My question is, how did you choose to lay out your panel? If you're right- handed, did you put the stack on the right or left? If it is on the left, do you have any issues operating the stack with your left hand? Is Paul's team right about putting the stack on the right side? Is everything easier to operate that way?

I need to make this decision in the next 60 days. Thanks everyone.
I'm right handed, radio/transponder on the left, GRT EFIS in the middle, ipad/FF on the right.

The RV-8 panel is so small that you can touch all of it with either hand at any time. That said, I tune the radio/transponder with my left hand usually, since it doesn't require a lot of fine control. The ipad usually gets my right thumb using the other fingers to stabilize where my thumb touches. EFIS - I use whichever hand is free when on autopilot, or left if hand flying.

I sometimes take the stick with my left hand when I need the right hand for things, or just tap on the autopilot.

I personally spent way too much time overthinking the left-right aspect of the panel.
__________________
Mickey Coggins
Fresh Ukraine update from RV-6 owner Alex 6 May 2022!
http://www.rv8.ch/help-people-in-ukraine/
"Hello, world!"
Reply With Quote
  #4  
Old 01-01-2022, 09:39 AM
rolivi's Avatar
rolivi rolivi is offline
 
Join Date: Feb 2015
Location: Fort Worth
Posts: 575
Default

Perhaps I'm odd.

I am right handed but when flying left seat I always use left hand on the stick. Also, when I fly pipenas I use only the left hand on the yoke.

I've never flown my RV from the right seat. I should try that. But I think I would then use my right hand for the stick. Again, similar to my pipena past.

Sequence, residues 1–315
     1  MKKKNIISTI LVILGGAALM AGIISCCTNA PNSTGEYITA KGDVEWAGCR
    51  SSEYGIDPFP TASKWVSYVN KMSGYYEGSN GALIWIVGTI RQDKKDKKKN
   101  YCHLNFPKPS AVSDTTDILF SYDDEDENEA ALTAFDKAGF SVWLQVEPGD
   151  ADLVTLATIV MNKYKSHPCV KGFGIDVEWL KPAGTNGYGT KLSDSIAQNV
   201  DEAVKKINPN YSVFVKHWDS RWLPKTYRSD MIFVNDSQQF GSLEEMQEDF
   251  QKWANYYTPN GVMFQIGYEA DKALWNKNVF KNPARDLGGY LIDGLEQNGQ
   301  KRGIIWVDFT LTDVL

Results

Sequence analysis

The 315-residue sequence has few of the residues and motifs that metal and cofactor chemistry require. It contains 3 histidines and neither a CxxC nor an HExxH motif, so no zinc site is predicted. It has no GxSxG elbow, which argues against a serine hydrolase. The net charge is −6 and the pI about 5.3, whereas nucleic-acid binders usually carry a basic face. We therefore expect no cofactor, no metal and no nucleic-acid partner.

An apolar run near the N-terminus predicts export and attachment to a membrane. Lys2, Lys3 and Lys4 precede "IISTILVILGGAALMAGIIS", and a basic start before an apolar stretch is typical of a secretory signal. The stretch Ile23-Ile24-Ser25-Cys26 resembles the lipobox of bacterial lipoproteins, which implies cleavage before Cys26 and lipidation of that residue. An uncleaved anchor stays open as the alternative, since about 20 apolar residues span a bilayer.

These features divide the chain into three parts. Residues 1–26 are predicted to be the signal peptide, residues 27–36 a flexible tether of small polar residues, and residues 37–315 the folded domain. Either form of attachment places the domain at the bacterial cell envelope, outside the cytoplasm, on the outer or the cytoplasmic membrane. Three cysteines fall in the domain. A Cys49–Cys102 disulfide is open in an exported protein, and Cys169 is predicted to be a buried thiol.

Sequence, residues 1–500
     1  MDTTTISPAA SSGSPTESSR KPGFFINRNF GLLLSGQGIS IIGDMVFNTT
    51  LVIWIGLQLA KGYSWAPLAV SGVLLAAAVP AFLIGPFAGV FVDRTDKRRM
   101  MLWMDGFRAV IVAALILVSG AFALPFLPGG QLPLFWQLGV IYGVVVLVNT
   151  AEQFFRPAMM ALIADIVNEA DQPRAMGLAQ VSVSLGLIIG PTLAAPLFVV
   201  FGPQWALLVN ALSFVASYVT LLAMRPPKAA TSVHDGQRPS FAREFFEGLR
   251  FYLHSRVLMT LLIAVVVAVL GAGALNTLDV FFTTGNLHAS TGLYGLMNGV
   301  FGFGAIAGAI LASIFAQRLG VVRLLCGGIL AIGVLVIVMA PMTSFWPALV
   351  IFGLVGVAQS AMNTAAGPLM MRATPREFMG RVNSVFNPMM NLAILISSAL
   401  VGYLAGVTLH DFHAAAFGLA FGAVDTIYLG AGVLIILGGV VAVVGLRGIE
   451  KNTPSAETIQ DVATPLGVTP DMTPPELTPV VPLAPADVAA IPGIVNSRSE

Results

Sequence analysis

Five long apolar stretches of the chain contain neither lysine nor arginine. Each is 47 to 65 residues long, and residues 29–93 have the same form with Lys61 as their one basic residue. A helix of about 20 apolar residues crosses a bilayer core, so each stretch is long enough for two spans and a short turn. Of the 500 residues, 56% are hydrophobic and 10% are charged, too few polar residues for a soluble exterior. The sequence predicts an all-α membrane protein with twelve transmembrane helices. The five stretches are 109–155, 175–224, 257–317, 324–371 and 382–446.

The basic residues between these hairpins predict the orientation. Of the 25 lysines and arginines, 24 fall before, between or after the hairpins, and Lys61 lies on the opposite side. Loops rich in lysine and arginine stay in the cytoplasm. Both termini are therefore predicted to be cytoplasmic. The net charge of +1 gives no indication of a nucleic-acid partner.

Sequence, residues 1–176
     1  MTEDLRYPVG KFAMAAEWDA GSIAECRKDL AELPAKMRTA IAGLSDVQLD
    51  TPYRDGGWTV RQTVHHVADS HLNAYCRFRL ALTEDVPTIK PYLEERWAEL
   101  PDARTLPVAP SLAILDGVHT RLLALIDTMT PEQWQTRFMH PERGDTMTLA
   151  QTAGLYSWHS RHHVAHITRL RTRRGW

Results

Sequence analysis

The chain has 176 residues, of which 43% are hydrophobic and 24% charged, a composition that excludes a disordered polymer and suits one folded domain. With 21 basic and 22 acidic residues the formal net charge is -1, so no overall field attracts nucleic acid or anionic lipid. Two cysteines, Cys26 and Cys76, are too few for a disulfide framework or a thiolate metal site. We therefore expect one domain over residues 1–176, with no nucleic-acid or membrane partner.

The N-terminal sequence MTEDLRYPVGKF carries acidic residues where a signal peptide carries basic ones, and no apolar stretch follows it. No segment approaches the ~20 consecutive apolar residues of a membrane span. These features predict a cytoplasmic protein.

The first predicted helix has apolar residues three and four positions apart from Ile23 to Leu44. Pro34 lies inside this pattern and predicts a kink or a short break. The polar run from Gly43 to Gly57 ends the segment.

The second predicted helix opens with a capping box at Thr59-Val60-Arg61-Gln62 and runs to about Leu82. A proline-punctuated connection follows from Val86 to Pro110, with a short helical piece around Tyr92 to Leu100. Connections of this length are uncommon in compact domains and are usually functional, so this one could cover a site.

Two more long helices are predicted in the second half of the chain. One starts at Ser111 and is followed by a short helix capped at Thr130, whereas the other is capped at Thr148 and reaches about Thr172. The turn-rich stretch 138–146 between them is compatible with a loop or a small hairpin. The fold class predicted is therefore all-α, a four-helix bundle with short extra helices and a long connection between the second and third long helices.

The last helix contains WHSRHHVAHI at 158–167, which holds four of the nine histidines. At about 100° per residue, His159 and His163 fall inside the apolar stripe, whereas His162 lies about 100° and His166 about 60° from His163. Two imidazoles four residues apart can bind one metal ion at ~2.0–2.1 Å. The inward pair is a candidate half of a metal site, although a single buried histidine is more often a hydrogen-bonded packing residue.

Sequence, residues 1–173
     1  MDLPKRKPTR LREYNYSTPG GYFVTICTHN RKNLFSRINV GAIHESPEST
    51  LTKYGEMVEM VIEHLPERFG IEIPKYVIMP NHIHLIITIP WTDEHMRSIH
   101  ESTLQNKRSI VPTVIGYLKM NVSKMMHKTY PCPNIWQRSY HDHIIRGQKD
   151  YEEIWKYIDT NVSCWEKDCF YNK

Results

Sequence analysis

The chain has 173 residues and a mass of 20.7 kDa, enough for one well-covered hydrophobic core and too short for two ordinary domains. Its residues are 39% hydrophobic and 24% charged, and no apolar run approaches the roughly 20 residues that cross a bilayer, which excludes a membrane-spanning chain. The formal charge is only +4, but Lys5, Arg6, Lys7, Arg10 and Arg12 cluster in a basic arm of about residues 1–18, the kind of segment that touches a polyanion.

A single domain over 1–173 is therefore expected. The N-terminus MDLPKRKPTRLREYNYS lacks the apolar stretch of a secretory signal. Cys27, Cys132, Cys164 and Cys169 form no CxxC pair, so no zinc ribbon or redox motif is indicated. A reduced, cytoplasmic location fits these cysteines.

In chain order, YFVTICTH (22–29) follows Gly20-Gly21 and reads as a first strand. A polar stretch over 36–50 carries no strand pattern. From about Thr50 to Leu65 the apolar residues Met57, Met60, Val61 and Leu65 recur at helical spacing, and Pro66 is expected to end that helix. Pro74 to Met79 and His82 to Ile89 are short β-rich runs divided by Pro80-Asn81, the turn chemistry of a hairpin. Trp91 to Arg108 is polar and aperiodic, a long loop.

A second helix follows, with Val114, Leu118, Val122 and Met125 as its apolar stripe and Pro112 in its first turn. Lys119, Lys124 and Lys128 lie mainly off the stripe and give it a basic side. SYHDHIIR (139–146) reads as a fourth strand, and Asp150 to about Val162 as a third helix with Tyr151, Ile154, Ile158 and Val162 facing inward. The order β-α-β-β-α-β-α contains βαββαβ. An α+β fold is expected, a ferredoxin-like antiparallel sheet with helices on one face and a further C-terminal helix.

__________________
Rob
RV-6A (Purchased)
2022 Dues Paid
Reply With Quote
  #5  
Old 01-01-2022, 11:09 AM
Ironflight's Avatar
Ironflight Ironflight is offline
VAF Moderator / Line Boy
 
Join Date: Jan 2005
Location: Dayton, NV
Posts: 12,987
Default

You’ve been researching a long way back!

Yes, generally speaking you have better fine motor control with your dominant hand, and that is preferred for complex fine control tasks. Tuning a radio is easy with either hand. Typing in a bunch of identifiers for an IFR route - goes better and quicker with the dominant hand. Of course, most pilots can fly just fine with either hand, so switching hands on the stick doesn’t make a big difference - and yes, I fly tandems with my right hand, and fly left deft in side-by-sides with my left hand. Yokes, center sticks, side sticks, between the seats - doesn’t seem to make much difference. I really can’t take my hand off the side stick in the little jet for more than a few seconds, so I tend to work the EFIS and radio in that with my left - its more cumbersome, but it works.